RoleCurrent climate change concerns and the post COVID world call for urgent solutions to develop sustainable societies. Nonfood biomass instead of petroleum is an option to produce cleaner biofuels, bioplastics and more. To achieve some sustainable goals, biomass needs to … Continue reading
The UN Sustainable Development Goals, COP26 and more forums worldwide urge for positive action on climate change. Innovative sustainable solutions can help to build a better climate to develop sustainable societies. Nonfood biomass instead of petroleum, coal or controversial food feedstocks can produce cheaper, safer, faster and environmentally friendlier products and services. For instance, advanced biofuels, bioplastics, biooil, sugars, biofertilizers, proteins and foods to cite a few.
Advantageously, this project would use a promising nonfood biomass feedstock adapted through millions of years for growing in extreme conditions close to megacities worldwide. Arid biomass requires far less common inputs like water, energy, machinery, pest control, downstream and upstream processing than microalgae and traditional crops. The challenge is to create sustainable processes for transforming arid biomass into sustainable products and services responsibly.
The PhD project aims at studying biotechnological and chemical engineering strategies to create novel sustainable processes transforming arid biomass into wealth while helping people and the environment in a more responsible way. Products and services could be used in energy, feed and food production, agriculture and farming.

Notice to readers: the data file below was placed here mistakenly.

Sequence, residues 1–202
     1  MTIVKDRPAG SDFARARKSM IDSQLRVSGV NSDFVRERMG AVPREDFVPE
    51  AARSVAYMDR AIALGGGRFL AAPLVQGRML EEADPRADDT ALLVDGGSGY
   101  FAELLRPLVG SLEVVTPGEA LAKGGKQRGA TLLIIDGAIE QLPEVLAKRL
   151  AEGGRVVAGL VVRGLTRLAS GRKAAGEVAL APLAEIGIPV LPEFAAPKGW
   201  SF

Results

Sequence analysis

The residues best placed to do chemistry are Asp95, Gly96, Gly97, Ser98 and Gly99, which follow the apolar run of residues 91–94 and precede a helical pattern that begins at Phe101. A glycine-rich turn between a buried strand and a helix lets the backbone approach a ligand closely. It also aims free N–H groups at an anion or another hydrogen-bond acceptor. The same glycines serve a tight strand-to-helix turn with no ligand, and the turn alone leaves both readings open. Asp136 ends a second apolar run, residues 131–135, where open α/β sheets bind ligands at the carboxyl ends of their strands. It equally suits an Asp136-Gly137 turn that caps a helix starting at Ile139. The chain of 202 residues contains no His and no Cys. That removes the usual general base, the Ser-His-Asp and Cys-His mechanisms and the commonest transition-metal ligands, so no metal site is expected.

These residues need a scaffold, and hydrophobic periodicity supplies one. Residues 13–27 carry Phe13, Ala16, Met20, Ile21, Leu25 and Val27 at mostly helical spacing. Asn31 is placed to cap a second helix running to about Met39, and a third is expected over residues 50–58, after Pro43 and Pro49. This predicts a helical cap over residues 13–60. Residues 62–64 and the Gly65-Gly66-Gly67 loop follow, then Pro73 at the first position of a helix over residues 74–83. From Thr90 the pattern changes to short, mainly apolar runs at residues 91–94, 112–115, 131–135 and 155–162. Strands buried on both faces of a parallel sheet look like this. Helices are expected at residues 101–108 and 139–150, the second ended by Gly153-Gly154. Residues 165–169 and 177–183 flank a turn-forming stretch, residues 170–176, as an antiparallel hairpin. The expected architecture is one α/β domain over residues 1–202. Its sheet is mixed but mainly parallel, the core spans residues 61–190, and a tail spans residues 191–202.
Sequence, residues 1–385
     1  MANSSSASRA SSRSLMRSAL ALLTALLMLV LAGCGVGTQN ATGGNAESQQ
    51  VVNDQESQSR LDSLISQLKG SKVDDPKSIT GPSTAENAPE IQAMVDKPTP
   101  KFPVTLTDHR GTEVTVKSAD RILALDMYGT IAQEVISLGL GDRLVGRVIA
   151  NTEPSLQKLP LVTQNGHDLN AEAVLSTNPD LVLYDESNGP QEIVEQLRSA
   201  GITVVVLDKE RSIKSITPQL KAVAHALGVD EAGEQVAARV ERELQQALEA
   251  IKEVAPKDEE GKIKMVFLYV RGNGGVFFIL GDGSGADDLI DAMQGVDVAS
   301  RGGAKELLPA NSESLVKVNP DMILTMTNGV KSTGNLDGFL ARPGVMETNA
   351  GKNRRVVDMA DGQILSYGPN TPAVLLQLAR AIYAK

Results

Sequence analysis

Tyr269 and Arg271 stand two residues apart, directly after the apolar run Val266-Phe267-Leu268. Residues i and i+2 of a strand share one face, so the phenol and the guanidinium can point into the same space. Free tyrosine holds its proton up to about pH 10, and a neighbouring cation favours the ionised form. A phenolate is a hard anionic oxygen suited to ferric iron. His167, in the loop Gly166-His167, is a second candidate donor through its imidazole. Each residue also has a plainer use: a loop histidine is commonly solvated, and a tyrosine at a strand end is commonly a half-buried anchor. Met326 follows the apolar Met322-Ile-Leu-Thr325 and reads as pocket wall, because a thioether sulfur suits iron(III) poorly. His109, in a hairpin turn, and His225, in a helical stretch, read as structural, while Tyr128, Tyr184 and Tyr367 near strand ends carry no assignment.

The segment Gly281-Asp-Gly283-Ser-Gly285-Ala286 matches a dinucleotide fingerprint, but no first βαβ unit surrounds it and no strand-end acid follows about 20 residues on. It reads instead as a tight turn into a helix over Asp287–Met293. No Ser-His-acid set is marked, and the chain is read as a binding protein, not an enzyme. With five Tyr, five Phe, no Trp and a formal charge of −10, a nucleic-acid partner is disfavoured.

An understanding of bioprocessing, bio/chemical process engineering, biomass valorisation are foundations for creating viable strategies. Strong laboratory skills in the aforementioned subjects are essential. Basic design and expression of recombinant enzymes and/or molecular cloning skills are desirable, not essential, but to be learned and applied along with the project.
Applicants must have achieved or be expected to achieve a 1st class or 2:1 honours degree or equivalent in a related discipline in Chemical/Biochemical/Environmental Engineering, Biotechnology or equivalent or have relevant industrial experience…
Apologies if this email is not relevant for you, I have sent it to multiple candidates in the local area.
About this Opportunity
Grants are available for early career researchers (see Eligibility section) to attend a workshop in Mexico entitled Biorefinery research – promoting international collaboration for innovative and sustainable solutions. Under the British Council Researcher Links scheme we will be holding a workshop on the above theme at the Mexican Institute of Petroleum, Mexico City, Mexico on the 18-22 May, 2015. The workshop is being coordinated by Dr Jhuma Sadhukhan and Dr Jorge Arturo Aburto Anell, and supported by Dr Elias Martinez Hernandez and other researchers.
Selected papers presented in the workshop will be considered for a Special Issue of the Chemical Engineering Research Design journal of the Institution of Chemical Engineers devoted to Biorefinery value chain creation. Costs for the visa will be covered; however participants will be responsible for making all the necessary arrangements. Although this cost will not be covered by the British Council, participants are encouraged to purchase an adequate travel and medical insurance.
Dates of the workshop – 18-22 May 2015
Deadline for applications – 23 January 2015
This opportunity is open to early career researchers based in the UK and Mexico. There is no restriction on nationality.
Early Career Researchers are defined as holding a PhD (or having equivalent research experience) and having up to 10 years post-PhD research experience. They are equivalent to the ‘Recognised Researcher’ and sometimes ‘Experienced Researcher’ categories in the EU framework for researchers’ careers. Participants must have a research or academic position (either a permanent post, research contract, or fellowship etc) at a recognised research institution either in the UK or in Mexico.
Dr. Elias Martinez